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President Joe Biden appoints Jessica Stern special envoy for LGBTQ rights

<i>Slaven Vlasic/Getty Images</i><br/>Jessica Stern is the US Special Envoy for LGBTQI+ rights. Stern is seen here in New York City
Getty Images
Slaven Vlasic/Getty Images
Jessica Stern is the US Special Envoy for LGBTQI+ rights. Stern is seen here in New York City

By Donald Judd and Kate Sullivan, CNN

President Joe Biden named Jessica Stern as the US Special Envoy to Advance the Human Rights of LGBTQI+ Persons on Friday, reinstating a position that existed under the Obama administration but was not filled by President Donald Trump/

Stern currently serves as executive director of OutRight Action International, an organization aimed at ensuring human rights for LGBTQ people both domestically and abroad and joined Biden at the White House Friday for remarks commemorating Pride Month.

She’s the second person to be named to the role — her predecessor, Randy Berry, served in the then-new role from its inception in 2015 until 2017, at which point the position was left vacant by Trump. Berry, a career diplomat, now serves as ambassador to Nepal.

“The Special Envoy will play a vital role in leading implementation of the Presidential Memorandum on Advancing the Human Rights of LGBTQI+ Persons Around the World,” the White House told CNN in a statement. “At a time when the human rights of LGBTQI+ persons are increasingly threatened in all regions of the world, the Special Envoy will bring together like-minded governments, civil society organizations, corporations and international organizations to uphold dignity and equality for all.”

During his remarks on Friday, Biden denounced state-level anti-LGBTQ legislation. A slew of anti-LGBTQ bills have been introduced by Republican state lawmakers around the country in 2021, including a record number of measures targeting transgender Americans, according to the Human Rights Campaign. So far this year, eight states have enacted anti-trans sports bans, while one state, Arkansas, has approved a law prohibiting physicians in the state from providing gender-affirming treatment for trans youth.

Biden called those laws “some of the ugliest, most un-American laws I’ve seen.”

“Many of them target transgender children receiving the appropriate medical care, for using the bathroom in high school, the one where they’re most safe, even preventing them from joining the sports teams with their classmates,” Biden said. “Let’s be clear, this is nothing more than bullying disguised as legislation.”

The President also pushed the Senate to pass the Equality Act, which has been passed by the Democrat-led House of Representatives, and would provide “overdue, explicit civil rights protections” to members of the LGBTQ community across the country.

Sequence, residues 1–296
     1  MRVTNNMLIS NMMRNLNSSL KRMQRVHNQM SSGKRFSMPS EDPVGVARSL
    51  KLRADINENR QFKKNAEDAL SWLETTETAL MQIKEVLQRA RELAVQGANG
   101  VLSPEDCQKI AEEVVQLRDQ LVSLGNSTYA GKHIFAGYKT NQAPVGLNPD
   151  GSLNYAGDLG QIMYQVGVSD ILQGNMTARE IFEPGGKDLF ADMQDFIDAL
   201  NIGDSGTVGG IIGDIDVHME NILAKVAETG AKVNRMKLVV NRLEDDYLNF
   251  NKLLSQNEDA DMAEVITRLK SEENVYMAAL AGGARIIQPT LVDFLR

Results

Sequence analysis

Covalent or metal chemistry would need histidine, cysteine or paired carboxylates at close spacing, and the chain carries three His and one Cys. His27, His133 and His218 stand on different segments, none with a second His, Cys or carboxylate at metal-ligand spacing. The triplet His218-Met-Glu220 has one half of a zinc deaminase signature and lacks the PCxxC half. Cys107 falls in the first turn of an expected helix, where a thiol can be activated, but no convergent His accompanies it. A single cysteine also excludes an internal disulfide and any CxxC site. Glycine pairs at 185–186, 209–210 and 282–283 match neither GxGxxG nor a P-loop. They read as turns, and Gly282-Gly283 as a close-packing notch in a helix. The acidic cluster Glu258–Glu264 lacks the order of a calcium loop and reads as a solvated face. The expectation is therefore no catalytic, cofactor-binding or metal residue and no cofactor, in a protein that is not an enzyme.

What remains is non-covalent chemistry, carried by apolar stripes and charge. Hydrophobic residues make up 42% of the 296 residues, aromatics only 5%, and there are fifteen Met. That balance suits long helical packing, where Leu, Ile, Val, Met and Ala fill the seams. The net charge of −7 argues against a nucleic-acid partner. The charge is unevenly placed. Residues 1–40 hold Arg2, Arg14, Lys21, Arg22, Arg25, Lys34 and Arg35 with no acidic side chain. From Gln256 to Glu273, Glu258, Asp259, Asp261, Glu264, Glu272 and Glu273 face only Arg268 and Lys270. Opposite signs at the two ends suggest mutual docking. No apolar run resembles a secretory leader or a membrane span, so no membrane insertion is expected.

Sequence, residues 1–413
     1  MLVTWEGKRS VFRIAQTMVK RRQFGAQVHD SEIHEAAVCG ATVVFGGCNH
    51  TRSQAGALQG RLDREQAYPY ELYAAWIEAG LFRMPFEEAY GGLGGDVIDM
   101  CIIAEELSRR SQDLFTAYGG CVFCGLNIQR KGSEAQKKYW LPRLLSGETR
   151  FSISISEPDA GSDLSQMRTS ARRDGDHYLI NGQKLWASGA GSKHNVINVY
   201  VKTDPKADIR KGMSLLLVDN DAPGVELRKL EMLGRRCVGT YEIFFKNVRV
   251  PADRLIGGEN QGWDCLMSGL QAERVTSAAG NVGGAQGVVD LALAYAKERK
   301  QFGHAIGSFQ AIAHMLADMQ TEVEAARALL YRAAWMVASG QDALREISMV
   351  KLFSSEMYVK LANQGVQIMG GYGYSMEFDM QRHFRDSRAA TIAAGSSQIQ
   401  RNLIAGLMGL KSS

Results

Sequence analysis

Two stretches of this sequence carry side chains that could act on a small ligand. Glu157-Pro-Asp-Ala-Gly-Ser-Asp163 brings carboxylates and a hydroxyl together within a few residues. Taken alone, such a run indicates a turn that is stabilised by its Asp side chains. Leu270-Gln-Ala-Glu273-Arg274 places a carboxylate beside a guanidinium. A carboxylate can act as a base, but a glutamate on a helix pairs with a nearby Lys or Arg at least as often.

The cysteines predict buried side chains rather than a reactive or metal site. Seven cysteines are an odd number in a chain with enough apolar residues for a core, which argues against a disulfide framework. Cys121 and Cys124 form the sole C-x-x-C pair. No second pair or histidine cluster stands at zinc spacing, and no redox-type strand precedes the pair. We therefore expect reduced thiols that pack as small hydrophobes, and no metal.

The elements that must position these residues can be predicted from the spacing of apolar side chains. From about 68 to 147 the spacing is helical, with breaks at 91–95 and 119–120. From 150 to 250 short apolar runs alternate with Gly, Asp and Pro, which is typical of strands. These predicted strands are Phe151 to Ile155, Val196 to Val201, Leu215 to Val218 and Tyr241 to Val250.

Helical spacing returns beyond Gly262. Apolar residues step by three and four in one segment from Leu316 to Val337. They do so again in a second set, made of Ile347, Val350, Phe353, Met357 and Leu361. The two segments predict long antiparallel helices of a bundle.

“Representation matters, recognition matters, but something else matters — results. Results matter. I’m proud to lead the most pro LGBTQ equality administration in US history,” he said.

Biden on Friday signed H.R. 49 into law, which designates the site of the Pulse Nightclub shooting as the “National Pulse Memorial.” The President was joined at the White House by first lady Jill Biden, survivors of the shooting, members of the Florida congressional delegation, members of the Congressional Equality Caucus and others.

“Just over five years ago, the Pulse nightclub, a place of acceptance and joy, became a place of unspeakable pain and loss, and we’ll never fully recover, but we’ll remember,” Biden said. “And we have to, what we’re going to do is, what the members of Congress here is enshrine in law, as a consequence of that law, enshrine in perpetuity a literal monument to a loss that occurred there.”

Transportation Secretary Pete Buttigieg, the first Senate-confirmed LGBTQ Cabinet secretary, will open the event with remarks. The President will be introduced by 16-year-old transgender advocate Ashton Mota of Lowell, Massachusetts, according to the official. Mota is a leader with the GenderCool Project, an organization dedicated to uplifting the positive stories and experience of young transgender Americans.

The official said the President and first lady “will welcome LGBTQ+ advocates, faith leaders, state and local elected officials, and members of Congress to the East Room — right near the Ground Floor Corridor that has been illuminated in rainbow colors for the first-time as part of a historic Smithsonian LGBTQ+ exhibit on display.”

Stern, who is based in New York, also serves as an adjunct associate professor at Columbia University’s School of International & Public Affairs and as a member of the LGBTI Reference Group of UNWomen, the UN organization dedicated to gender equality and the empowerment of women.

As executive director of OutRight Action International, Stern supported the legal registration of LGBTQ organizations globally, helped secure the mandate of the United Nations Independent Expert on Sexual Orientation and Gender Identity, expanded the UN General Assembly resolution to include gender identity, and co-founded the UN LGBTI Core Group.

Stern’s appointment is the latest in a series of efforts by the administration to protect LGBTQ rights. In March, Biden became the first US president to acknowledge International Transgender Day of Visibility. Earlier this week, Biden Veterans Affairs Secretary Denis McDonough announced the administration would expand VA care to include gender confirmation surgery.

™ & © 2021 Cable News Network, Inc., a WarnerMedia Company. All rights reserved.

CNN’s Devan Cole contributed to this report.

Article Topic Follows: CNN - US Politics

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